Mises made relatively few pronouncements that were concerned specifically with ethics, his intellectual endeavours being focussed mainly on developing and expounding economic theory and epistemology. It is true that he regarded this theory as the basis for an unflinching advocacy of what could then be called liberalism – an aspect we will explore in detail. However, he did so on the basis that, in general, “people prefer life to death, health to sickness, nourishment to starvation, abundance to poverty” and that praxeology and economics “teaches man how to act in accordance with these [presupposed] valuations”.1
Many libertarians share this attitude and believe that the enormous increase in the standard of living that would be afforded by the free market provides its strongest justification. Indeed, it would be futile for any strategy for achieving a libertarian world to omit this powerful argument – particularly when it becomes clear that the established elite are using the existing corp-tocracy to enrich only themselves, causing the siren song of socialist alternatives to grow dangerously louder. Read more
No, not the impending cuts of so many public payroll salaries (some of which have jobs associated with them), but rather a certain commonality in the Coalition about the motives for their present course of action.
Nick Clegg has assured the LibDems that he doesn’t want to cut the state for the sake of cutting it. No, he wants to cut it so he can rebuild the state differently. Likewise, Liam Fox has informed the Tories that he doesn’t want to cut defence and nor does David Cameron (cue Tory applause) – but at the moment, he has no choice.
Thus is the libertarian ideal of a smaller state smeared in the eyes of political activists and the wider public as a necessary evil, a stopping-off point to be endured on the road to the sunny uplands of a reshaped and re-expanded State tomorrow.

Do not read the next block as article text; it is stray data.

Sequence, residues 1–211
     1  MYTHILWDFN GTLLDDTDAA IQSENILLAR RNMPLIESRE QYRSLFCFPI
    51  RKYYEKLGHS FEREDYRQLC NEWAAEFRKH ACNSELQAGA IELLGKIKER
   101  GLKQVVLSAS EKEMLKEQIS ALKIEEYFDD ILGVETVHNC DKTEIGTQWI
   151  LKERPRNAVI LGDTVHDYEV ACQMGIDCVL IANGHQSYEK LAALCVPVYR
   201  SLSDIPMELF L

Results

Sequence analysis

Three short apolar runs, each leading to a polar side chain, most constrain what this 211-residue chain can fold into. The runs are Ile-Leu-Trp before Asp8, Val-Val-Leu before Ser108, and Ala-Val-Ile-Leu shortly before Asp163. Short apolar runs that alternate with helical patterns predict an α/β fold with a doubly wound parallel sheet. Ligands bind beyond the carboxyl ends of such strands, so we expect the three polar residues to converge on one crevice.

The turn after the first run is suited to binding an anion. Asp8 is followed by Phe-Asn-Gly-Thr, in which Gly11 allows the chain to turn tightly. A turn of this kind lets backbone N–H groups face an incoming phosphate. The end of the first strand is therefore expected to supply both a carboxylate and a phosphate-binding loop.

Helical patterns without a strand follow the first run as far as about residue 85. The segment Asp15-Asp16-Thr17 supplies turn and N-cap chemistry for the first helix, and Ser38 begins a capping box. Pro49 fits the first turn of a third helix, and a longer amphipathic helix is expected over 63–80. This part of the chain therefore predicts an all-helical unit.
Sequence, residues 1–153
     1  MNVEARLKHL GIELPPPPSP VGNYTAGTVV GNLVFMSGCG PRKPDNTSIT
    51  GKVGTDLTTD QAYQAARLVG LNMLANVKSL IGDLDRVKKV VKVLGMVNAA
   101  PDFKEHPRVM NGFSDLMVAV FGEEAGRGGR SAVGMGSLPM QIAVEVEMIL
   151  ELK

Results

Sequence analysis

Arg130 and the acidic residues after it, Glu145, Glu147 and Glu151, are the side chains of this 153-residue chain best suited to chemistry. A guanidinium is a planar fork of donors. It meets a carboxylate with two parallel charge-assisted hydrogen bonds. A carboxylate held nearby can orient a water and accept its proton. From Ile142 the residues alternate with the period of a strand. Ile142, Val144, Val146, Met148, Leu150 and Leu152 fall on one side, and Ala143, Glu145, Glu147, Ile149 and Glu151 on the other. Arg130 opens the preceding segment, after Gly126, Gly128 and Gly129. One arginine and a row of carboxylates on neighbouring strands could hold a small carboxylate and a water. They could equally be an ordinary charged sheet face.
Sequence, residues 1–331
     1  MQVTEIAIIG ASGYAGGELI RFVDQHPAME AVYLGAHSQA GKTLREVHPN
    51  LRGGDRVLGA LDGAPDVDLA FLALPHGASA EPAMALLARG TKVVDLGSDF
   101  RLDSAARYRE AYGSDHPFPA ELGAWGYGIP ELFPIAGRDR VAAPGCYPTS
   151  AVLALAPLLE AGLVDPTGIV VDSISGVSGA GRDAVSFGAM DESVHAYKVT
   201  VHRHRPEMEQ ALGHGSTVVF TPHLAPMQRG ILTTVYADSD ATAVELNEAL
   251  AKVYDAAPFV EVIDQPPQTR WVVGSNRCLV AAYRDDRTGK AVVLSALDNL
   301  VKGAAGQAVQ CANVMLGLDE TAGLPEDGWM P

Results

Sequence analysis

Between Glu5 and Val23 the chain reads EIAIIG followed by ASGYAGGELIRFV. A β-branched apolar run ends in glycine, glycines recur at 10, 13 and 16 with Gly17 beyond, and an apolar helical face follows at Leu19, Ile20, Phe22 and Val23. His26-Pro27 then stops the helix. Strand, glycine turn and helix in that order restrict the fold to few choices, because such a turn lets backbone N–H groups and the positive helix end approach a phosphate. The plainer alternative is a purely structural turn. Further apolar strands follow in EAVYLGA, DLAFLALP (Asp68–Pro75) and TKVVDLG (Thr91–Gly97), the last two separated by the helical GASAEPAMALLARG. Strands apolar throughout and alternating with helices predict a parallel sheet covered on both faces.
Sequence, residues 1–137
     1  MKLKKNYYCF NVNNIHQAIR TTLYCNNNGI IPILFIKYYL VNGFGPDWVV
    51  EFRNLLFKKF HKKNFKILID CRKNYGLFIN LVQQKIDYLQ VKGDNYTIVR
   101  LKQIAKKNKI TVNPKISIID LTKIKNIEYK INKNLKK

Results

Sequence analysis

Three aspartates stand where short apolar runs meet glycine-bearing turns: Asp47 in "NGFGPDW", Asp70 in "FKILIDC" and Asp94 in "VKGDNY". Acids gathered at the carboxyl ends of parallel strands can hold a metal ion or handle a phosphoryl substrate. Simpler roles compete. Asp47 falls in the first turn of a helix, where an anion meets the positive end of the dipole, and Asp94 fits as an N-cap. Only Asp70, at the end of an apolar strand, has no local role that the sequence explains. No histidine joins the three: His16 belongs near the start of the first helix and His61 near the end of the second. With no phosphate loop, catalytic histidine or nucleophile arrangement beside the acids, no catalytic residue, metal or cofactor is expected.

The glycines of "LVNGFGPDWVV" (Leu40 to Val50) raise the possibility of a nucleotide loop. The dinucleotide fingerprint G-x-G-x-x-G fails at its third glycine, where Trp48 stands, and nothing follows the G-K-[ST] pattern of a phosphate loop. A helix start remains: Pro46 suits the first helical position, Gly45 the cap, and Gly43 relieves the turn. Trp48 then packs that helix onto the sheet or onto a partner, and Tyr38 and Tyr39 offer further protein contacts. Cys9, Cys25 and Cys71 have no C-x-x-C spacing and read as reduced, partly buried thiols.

Unless libertarians can convincingly and appealingly present to the public the truly joyous reality of being able to work (or not) as we please, with whom we please, to offer goods and services we’re proud of to whomever we please, libertarians will remain marginalised and misunderstood. They’ll be seen as an articulate but callous bunch, perversely rejoicing over the wider dislocation and misery caused by the State’s champions ditching the minions they think they can most easily do without.
When faced with people determined to do exactly the wrong thing, Lenin’s “The worse the better” dictum may be an accurate response to their failures. But it’s no way to market anything to anyone.
PS. I note the Tories’ pledge to let headteachers discipline children for misbehaviour on the way to and from school. I leave the last word on this news to John Taylor Gatto:
As schooling encroaches further and further into family and personal life, monopolizing the development of mind and character, children become human resources at the disposal of whatever form of governance is dominant at the moment.